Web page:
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it was viewed as a most important the bill till Monday, he hoped that method of preserving the national the committee would produce such tranquillity:

evidence as would fully justify the Mr. Tierney rose, and was pro- adoption of the present violent: ceeding to move the adjournment measure. If there were no further of the second reading till Monday, evidence of its - necessity than had when he was called to order by been brought, he saw no advantage

Mr. Pitt, who subinitted to the that could result from the first re. speaker, whether a member who port. To adopt the measure, and had twice before given his senti- afterwards expect the statement of ments on the question was again its necessity, would be. to reverse entitled to enter on the discus- the order of all legislative proceedsion,

ings, and to act on blind credit. The speaker, on this suggestion, He then went to refute Mr. Wilwished that the house would re- berforce's arguments concerning solve specifically on this matter, as the mode of appointing the comhe was rather at a loss how to di- mittee, and the pretended popurect his conduct. He doubted the larity of the act in Yorkshire; and propriety of allowing members to concluded by asserting, that the pretend making an amendment honourable member was for suponly to enter on a new line of porting the act, not for its popuargument. He was anxious that larity, but because, since it had exthe house should come to such a pired, meetings had been holden determination as might guide him where his votes and the instrucin many circumstances which might tions of his constituents appeared occur in the course of business. strangely contrary.

Mr. Baker spoke on the point of Mr. Wilberforce explained. order, contending, that no member Mr. Johnston thought that issuing ought to speak more than once on treasury lists in appointing ballots the same subject, unless by special was wrong and unconstitutional, indulgence.

and that ministers were thereby General Walpole then rose to wanting to their own interest'; move, that, instead of now, the for, though he did not assert that word Monday be inserted in the the gentlemen on the opposition motion, to prevent further discus- side were more respectable than sion.

on the other, yet he affirmed that Mr, Tierney then rose, to ex- the report would have had more plain the reasons for supporting weight, and become more publicly his honourable friend's motion to satistactory, if the committee had delay the second reading of the been formed of members from both bill. He wished for stronger evi- sides of the house. dence of the necessity of the mea- The solicitor-general defended sure. He recollected no single the mode of appointing the cominstance in the proceedings of par- mittee, saying that, if gentlemen liament, where, on the general re- on the opposite side had been port of a secret committee, a mea- members of it, the evidence might sure was adopted so materially af- not have satisfied them, and thus fecting the people's privileges. the nation would be deprived of the By delaying the second reading of proposed advantage, and that the necessary secrecy might have been without even the form of indepen. also violated.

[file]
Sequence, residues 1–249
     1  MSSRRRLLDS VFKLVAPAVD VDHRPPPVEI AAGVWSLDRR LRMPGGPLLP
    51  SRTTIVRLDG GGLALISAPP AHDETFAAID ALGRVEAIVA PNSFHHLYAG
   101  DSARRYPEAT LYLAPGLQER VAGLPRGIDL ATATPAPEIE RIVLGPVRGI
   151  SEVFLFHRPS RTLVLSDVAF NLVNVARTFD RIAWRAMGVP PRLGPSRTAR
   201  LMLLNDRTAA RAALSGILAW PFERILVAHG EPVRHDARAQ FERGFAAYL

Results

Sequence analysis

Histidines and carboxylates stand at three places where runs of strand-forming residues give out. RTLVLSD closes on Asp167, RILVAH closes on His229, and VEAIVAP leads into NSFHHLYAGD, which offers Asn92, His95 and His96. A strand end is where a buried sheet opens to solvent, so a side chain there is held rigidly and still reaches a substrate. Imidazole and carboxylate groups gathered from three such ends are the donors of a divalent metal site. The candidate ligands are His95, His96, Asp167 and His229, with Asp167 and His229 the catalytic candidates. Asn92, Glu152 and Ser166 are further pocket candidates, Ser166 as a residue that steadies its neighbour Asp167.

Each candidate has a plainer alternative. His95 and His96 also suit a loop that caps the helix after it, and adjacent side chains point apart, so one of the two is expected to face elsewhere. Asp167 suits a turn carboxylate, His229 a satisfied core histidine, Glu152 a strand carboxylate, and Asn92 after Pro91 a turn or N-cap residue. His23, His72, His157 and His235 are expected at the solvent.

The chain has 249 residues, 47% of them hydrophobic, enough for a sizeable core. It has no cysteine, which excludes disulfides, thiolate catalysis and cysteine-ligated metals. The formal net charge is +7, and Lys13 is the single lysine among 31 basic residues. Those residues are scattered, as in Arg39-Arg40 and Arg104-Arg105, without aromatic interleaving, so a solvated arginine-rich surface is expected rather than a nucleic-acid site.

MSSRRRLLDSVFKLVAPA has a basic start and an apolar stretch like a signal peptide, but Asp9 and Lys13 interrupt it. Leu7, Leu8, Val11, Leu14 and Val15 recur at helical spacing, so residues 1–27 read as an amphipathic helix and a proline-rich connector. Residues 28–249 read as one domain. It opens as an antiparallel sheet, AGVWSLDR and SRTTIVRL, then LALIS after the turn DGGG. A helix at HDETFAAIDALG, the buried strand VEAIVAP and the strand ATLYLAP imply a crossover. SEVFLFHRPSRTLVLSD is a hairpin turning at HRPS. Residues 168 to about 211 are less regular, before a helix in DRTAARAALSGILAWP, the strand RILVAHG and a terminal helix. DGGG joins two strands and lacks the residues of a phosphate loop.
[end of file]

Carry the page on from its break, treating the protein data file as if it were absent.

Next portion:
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dence, might have their lists regum Mr. Sheridan replied, that he larly transmitted from the treasury, knew not what was meant by the He mentioned what had been said evidence now before the commit- of his competency as a member of tee being considered unsatisfac- a committee on finance, while contory, because the former evidences sidered inadmissible on a commithad been inadequate to ground the tee like the present. The honourresolutions, or why they should be able gentleman seemed to think, dissatisfied with present evidence, that, though qualified to determine because they were not convinced on facts and calculations, yet he by the former. On producing it, had not enough of fancy, fiction, the question was, whether it was or knowledge in forging plots, to the same as before, or whether new qualify himself for this committee. proofs of conspiracy existed? He - The solicitor-general explainei. then vindicated the members on The chancellor of the exchequer his side from the charge of intend- said, that the objections to balloting ing any violation of secrecy, which had been often urged and refuteil. were direct and inexcusable trea- This system left the will most person to the country's most import- fectly free; for, if names were reant interests. He pointed out the commended to their choice, it did advantages that might have been not fetter their judgment. No obtained by a fair appointment of complaint was ever heard against the committee, arguing, that, in the India directors, who had alstead of the evidence appearing ways presented to the electors a list incomplete, probably in this case of those thought eligible to fill the a different report would have been vacated places, because such a meapresented. They might have re- sure was never thought to restrain ferred to the statements of former the will of the electors. committees, now proved unfound- spect to precedent, he saw nothing ed; and, while they attended to in the established practice of the the fabrications of the late mini- house against the present proceedsters, might have considered at ing. The house was competent least those persons from whom to proceed on any question whatthey had arisen.